Effects of neck-specific exercise with or without a behavioural approach in addition to prescribed physical activity for individuals with chronic whiplash-associated disorders

As many as 50% of chronic whiplash related disorders (WAD) patients experience considerable pain and disability and remain on sick-leave. There isn’t any evidence to support the use of physiotherapy treatment of chronic WAD, although exercise is suggested. Previous randomised controlled studies did not evaluate the value of adding a behavioural therapy intervention to neck-specific exercises, nor did they compare these treatments to prescription of general physical activity. Not many exercise studies focus on patients with chronic WAD, and few have looked at patients’ ability to return to work and the cost-effectiveness of treatments. Therefore, there is a great need to develop successful evidence-based rehabilitation models. The objective of the study is to investigate whether neck-specific exercise with or without a behavioural approach (facilitated by a single caregiver per patient) improves functioning compared to prescription of general physical activity for individuals with chronic WAD.Methods/designThe study is a prospective, randomised, controlled, multi-centre study with a 2-year follow-up that includes 216 patients with chronic WAD (>6 months and <3 years). The patients (aged 18 to 63) must be classified as WAD grade 2 or 3. Eligibility will be determined with a questionnaire, telephone interview and clinical examination. The participants will be randomised into one of three treatments: (A) neck-specific exercise followed by prescription of physical activity; (B) neck-specific exercise with a behavioural approach followed by prescription of physical activity; or (C) prescription of physical activity alone without neck-specific exercises. Treatments will be performed for 3 months. The researchers will examine physical and psychological function, pain intensity, health care consumption, the ability to resume work and economic health benefits. An independent, blinded investigator will perform the measurements at baseline and 3, 6, 12 and 24 months after inclusion. The main study outcome will be improvement in neck-specific disability as measured with the Neck Disability Index. All treatments will be recorded in treatment diaries and medical records.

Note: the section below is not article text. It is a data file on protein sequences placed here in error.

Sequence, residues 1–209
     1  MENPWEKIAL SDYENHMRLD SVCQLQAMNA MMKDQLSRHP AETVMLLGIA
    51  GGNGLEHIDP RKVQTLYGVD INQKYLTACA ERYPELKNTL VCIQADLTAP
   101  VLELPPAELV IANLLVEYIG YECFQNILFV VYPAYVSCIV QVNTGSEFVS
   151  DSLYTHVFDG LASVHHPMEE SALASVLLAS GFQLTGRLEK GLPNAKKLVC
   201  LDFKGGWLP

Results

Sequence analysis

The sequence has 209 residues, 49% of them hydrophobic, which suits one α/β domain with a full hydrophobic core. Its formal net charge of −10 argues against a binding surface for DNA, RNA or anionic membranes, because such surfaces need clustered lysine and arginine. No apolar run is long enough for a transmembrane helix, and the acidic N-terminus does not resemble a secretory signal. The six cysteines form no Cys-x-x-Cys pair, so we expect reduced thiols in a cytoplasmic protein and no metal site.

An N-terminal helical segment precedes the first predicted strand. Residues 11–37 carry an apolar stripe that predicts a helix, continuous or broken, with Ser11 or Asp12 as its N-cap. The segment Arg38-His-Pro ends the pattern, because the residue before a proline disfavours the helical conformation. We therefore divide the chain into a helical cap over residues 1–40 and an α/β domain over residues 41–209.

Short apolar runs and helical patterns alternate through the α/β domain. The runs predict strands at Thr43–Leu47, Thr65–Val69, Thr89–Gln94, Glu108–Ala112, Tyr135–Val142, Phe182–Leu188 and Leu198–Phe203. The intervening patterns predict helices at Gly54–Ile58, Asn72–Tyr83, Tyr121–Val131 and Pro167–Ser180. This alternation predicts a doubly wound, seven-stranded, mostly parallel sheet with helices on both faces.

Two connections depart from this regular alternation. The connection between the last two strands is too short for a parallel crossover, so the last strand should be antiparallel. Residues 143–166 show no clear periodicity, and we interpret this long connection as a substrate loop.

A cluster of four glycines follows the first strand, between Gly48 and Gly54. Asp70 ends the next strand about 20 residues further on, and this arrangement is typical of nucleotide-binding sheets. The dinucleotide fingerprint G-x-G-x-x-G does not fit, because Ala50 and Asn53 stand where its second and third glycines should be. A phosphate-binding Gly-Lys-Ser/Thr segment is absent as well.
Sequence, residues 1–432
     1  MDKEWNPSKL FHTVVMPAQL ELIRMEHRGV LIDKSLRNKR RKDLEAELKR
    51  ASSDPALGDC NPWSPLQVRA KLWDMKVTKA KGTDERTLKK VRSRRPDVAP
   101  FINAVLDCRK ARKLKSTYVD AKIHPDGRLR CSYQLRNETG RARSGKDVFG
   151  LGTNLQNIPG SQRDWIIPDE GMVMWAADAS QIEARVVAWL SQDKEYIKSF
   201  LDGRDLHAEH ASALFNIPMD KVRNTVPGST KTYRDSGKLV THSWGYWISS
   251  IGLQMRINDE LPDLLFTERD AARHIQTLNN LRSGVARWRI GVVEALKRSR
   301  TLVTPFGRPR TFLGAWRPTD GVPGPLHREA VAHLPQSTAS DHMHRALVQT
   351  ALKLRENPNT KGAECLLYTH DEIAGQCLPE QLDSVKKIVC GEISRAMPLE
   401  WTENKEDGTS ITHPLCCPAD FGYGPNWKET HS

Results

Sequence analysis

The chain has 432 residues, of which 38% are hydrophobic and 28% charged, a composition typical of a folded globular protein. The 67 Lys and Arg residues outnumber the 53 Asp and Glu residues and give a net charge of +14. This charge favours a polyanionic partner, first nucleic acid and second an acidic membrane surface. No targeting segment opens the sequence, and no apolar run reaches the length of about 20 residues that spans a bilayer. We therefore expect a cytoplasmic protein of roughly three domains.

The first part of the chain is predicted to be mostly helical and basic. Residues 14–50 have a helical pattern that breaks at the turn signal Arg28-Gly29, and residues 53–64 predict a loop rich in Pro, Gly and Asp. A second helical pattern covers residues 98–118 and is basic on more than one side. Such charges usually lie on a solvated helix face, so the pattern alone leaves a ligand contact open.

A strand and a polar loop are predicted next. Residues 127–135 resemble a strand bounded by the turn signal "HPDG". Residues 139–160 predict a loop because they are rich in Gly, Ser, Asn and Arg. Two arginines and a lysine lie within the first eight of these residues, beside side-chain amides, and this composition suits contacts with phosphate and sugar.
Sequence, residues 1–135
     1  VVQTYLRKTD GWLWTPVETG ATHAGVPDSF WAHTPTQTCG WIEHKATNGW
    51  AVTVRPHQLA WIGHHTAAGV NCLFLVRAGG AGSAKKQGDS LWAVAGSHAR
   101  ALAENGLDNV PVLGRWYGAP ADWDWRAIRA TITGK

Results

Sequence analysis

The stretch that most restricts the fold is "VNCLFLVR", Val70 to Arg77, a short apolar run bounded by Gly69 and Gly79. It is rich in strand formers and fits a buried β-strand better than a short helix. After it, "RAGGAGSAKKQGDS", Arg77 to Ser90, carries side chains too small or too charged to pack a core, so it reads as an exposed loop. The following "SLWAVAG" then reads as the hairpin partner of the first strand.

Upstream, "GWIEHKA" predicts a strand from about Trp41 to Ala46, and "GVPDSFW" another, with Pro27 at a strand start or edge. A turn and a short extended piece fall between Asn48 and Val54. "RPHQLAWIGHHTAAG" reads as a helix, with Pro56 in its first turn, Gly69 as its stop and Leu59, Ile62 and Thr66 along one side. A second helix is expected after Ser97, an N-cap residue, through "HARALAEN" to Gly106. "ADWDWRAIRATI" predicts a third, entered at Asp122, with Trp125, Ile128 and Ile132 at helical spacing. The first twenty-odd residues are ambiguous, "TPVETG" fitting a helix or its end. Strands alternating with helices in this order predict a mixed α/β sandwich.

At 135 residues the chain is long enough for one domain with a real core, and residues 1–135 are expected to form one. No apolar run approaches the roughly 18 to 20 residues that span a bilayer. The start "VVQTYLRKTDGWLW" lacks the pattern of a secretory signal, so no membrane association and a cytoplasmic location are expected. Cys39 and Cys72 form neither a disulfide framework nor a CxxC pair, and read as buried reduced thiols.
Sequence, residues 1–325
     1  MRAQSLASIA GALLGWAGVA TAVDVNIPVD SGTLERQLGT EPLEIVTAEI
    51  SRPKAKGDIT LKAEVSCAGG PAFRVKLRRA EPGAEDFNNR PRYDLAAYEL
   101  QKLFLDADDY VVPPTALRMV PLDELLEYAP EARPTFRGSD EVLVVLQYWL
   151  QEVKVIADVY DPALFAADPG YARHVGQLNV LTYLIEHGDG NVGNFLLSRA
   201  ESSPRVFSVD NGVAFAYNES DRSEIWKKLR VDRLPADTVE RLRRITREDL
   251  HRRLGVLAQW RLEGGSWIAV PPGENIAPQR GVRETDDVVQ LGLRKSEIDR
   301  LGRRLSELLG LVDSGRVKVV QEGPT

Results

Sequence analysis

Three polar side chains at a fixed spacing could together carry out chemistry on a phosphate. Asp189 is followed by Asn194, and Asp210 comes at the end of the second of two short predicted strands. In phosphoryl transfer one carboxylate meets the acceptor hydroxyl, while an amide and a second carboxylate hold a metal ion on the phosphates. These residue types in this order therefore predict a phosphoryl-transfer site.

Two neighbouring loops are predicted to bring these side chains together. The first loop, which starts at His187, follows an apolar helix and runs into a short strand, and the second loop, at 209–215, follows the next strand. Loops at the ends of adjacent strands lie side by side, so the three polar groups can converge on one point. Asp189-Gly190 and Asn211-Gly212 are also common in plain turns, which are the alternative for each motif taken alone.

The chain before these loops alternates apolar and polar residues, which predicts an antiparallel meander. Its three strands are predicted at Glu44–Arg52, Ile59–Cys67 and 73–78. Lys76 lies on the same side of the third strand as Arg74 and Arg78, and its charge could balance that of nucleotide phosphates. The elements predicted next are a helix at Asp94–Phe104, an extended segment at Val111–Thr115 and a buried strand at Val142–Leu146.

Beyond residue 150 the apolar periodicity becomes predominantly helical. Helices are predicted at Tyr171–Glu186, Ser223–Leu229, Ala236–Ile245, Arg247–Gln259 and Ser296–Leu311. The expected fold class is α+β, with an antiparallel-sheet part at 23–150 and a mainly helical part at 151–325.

It is intended that findings from the study will assist in improving the treatment of patients with chronic WAD.

Neck Pain

Out of all 291 conditions studied in the Global Burden of Disease 2010 Study, neck pain ranked 4th highest in terms of disability and 21st in terms of overall burden.

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